Arcade Fire was featured on the April 4, 2005 cover of Time Magazine's Canadian edition and hailed as a band who "helped put Canadian music on the world map". On May 1, 2005, the band performed to approximately 15,000 fans at the Coachella Valley Music & Arts Festival.[11] In May 2005, the band signed a short-term publishing contract with EMI for Funeral and in June the band released a new single, "Cold Wind", on Six Feet Under, Vol. 2: Everything Ends, the second soundtrack album to the popular HBO series Six Feet Under. The BBC used the track "Wake Up" on an advertisement for their autumn 2005 season and the tracks "Rebellion (Lies)" and "Neighborhood #1 (Tunnels)" on adverts in January 2006. On September 9, 2005, the band appeared on the UK/US TV special Fashion Rocks, where David Bowie joined them for "Wake Up". This recording, as well as recordings by the collaboration of Bowie's "Life on Mars" and "Five Years", were made available on the iTunes Music Store in a virtual live EP. The same trip to New York City took them to the Late Show with David Letterman and a concert in Central Park. The Central Park Show had a surprise appearance by Bowie and capped a great touring season for the band. On September 11, 2005, Arcade Fire appeared on the long-running BBC music series Top of the Pops, performing "Rebellion (Lies)" — on what was one of the band's first mainstream UK television appearances. The band also performed to a TV audience in Paris for Canal+, and the show was later screened on UK television's Channel 4. The band has scored two number one songs on MTV2 (UK) NME Chart Show, with "Neighborhood #3 (Power Out)" and a three week run with "Wake Up". However, this success followed Rough Trade Records's (the label that distributes Arcade Fire's music in the UK) decision at the last minute not to release "Wake Up" on CD, and only on 7" vinyl. is the 94th day of the year (95th in leap years) in the Gregorian calendar. ... Year 2005 (MMV) was a common year starting on Saturday (link displays full calendar) of the Gregorian calendar. ... (Clockwise from upper left) Time magazine covers from May 7, 1945; July 25, 1969; December 31, 1999; September 14, 2001; and April 21, 2003. ... is the 121st day of the year (122nd in leap years) in the Gregorian calendar. ... Year 2005 (MMV) was a common year starting on Saturday (link displays full calendar) of the Gregorian calendar. ... For other uses, see EMI (disambiguation). ... “Cold Wind” is a rock single by Arcade Fire. ... For other uses, see HBO (disambiguation). ... For other uses, see Six feet under. ... For other uses, see BBC (disambiguation). ... is the 252nd day of the year (253rd in leap years) in the Gregorian calendar. ... Year 2005 (MMV) was a common year starting on Saturday (link displays full calendar) of the Gregorian calendar. ... The iTunes Store is an online business run by Apple Inc. ... New York, New York and NYC redirect here. ... Late Show redirects here. ... Central Park is a large public, urban park (843 acres, 3. ... is the 254th day of the year (255th in leap years) in the Gregorian calendar. ... Year 2005 (MMV) was a common year starting on Saturday (link displays full calendar) of the Gregorian calendar. ... Top of the Pops, also known as TOTP, was a long-running British music chart television programme, made and broadcast by the BBC. It was originally shown each week, mostly on BBC One, from 1 January 1964 to 30 July 2006. ... Funeral is the first album by The Arcade Fire. ... The title of this article is incorrect due to technical limitations. ... This article is about the British television station. ... MTV2 is a cable network that is widely available in the United States on digital cable and satellite television, and is progressively being added to basic cable lineups across the nation. ... Rough Trade Records, now a member of the RIAA[1], began as an independent record label, based in London, England. ...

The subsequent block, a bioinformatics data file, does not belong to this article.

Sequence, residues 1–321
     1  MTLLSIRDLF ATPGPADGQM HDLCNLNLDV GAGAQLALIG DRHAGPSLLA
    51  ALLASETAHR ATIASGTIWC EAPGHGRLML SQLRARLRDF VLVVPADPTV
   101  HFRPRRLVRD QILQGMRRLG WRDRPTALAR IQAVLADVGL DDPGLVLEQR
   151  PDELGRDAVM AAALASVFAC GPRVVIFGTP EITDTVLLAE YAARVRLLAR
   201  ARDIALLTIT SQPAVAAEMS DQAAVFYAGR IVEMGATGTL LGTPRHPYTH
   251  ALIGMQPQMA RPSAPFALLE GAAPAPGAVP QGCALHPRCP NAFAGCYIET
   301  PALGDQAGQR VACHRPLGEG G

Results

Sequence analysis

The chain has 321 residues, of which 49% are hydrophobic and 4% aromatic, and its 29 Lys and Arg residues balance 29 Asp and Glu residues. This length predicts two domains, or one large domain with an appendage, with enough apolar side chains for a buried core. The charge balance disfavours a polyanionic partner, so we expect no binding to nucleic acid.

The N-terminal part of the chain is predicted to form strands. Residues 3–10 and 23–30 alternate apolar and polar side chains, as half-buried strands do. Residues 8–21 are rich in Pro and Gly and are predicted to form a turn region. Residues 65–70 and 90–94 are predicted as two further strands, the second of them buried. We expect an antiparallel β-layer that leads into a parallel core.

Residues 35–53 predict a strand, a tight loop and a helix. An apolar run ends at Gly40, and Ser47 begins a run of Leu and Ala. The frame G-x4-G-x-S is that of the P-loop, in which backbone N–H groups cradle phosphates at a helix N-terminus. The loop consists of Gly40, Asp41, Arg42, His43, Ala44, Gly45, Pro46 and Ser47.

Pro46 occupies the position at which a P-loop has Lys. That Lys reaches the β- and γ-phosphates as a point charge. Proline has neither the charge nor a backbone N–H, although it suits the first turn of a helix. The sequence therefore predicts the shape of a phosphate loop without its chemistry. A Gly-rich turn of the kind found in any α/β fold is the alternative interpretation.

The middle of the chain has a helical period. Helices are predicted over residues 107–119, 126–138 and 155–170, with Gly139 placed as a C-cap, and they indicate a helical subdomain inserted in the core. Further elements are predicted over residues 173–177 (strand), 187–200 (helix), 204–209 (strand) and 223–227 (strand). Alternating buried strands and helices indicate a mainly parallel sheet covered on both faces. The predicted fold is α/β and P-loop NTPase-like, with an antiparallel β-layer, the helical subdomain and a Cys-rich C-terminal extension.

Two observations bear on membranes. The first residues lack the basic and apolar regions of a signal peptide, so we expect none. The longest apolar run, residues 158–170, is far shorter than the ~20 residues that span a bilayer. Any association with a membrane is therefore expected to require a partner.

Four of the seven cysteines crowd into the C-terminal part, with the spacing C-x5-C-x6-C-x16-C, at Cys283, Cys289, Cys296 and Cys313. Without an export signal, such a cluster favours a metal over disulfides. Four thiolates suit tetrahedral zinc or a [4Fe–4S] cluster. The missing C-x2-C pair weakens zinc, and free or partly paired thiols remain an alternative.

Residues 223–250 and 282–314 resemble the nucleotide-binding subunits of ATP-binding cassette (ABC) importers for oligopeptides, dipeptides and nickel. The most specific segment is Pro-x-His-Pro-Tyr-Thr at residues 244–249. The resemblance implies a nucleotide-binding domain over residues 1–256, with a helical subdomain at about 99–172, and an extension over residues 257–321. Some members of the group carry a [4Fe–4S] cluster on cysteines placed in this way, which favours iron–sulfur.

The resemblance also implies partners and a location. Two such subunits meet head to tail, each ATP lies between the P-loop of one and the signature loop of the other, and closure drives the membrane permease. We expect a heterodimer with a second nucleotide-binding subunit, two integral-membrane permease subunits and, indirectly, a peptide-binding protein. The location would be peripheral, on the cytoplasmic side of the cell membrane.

Arcade Fire's song, "Wake Up", was played immediately before the Irish rock group U2 opened their concerts on their 2005-2007 Vertigo Tour; the band would subsequently open three shows for that tour, and at the third show they appeared on stage during U2's encore to join them in a cover of Joy Division's "Love Will Tear Us Apart". This article is about the Irish rock band. ... The Vertigo Tour was a concert tour by the Irish rock band U2, which took place in 2005 and 2006 in support of the groups 2004 album How to Dismantle an Atomic Bomb. ... This article is about the band. ... Love Will Tear Us Apart Original single sleeve Love Will Tear Us Apart is the best known song by the band Joy Division. ...